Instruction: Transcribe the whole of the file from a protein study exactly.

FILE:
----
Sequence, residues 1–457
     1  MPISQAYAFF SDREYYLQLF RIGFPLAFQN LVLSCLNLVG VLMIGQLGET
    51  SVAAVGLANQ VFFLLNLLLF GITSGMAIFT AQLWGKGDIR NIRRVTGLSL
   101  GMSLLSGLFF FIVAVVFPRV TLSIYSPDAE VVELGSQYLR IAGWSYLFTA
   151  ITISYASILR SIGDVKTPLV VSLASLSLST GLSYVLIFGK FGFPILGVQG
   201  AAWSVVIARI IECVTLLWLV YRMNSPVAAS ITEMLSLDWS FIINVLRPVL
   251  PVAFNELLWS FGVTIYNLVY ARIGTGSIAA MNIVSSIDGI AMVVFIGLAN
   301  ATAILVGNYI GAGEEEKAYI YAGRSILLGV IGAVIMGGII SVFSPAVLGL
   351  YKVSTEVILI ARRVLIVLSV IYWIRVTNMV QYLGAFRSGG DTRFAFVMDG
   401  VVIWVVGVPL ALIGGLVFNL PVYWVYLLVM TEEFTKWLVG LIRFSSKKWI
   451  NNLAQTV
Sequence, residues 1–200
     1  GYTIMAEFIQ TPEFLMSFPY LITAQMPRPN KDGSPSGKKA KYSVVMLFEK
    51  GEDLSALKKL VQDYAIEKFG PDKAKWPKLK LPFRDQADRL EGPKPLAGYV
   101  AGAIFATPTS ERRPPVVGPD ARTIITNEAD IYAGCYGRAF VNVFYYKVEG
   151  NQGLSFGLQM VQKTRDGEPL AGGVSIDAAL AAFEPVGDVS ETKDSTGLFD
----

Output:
Sequence, residues 1–457
     1  MPISQAYAFF SDREYYLQLF RIGFPLAFQN LVLSCLNLVG VLMIGQLGET
    51  SVAAVGLANQ VFFLLNLLLF GITSGMAIFT AQLWGKGDIR NIRRVTGLSL
   101  GMSLLSGLFF FIVAVVFPRV TLSIYSPDAE VVELGSQYLR IAGWSYLFTA
   151  ITISYASILR SIGDVKTPLV VSLASLSLST GLSYVLIFGK FGFPILGVQG
   201  AAWSVVIARI IECVTLLWLV YRMNSPVAAS ITEMLSLDWS FIINVLRPVL
   251  PVAFNELLWS FGVTIYNLVY ARIGTGSIAA MNIVSSIDGI AMVVFIGLAN
   301  ATAILVGNYI GAGEEEKAYI YAGRSILLGV IGAVIMGGII SVFSPAVLGL
   351  YKVSTEVILI ARRVLIVLSV IYWIRVTNMV QYLGAFRSGG DTRFAFVMDG
   401  VVIWVVGVPL ALIGGLVFNL PVYWVYLLVM TEEFTKWLVG LIRFSSKKWI
   451  NNLAQTV
Sequence, residues 1–200
     1  GYTIMAEFIQ TPEFLMSFPY LITAQMPRPN KDGSPSGKKA KYSVVMLFEK
    51  GEDLSALKKL VQDYAIEKFG PDKAKWPKLK LPFRDQADRL EGPKPLAGYV
   101  AGAIFATPTS ERRPPVVGPD ARTIITNEAD IYAGCYGRAF VNVFYYKVEG
   151  NQGLSFGLQM VQKTRDGEPL AGGVSIDAAL AAFEPVGDVS ETKDSTGLFD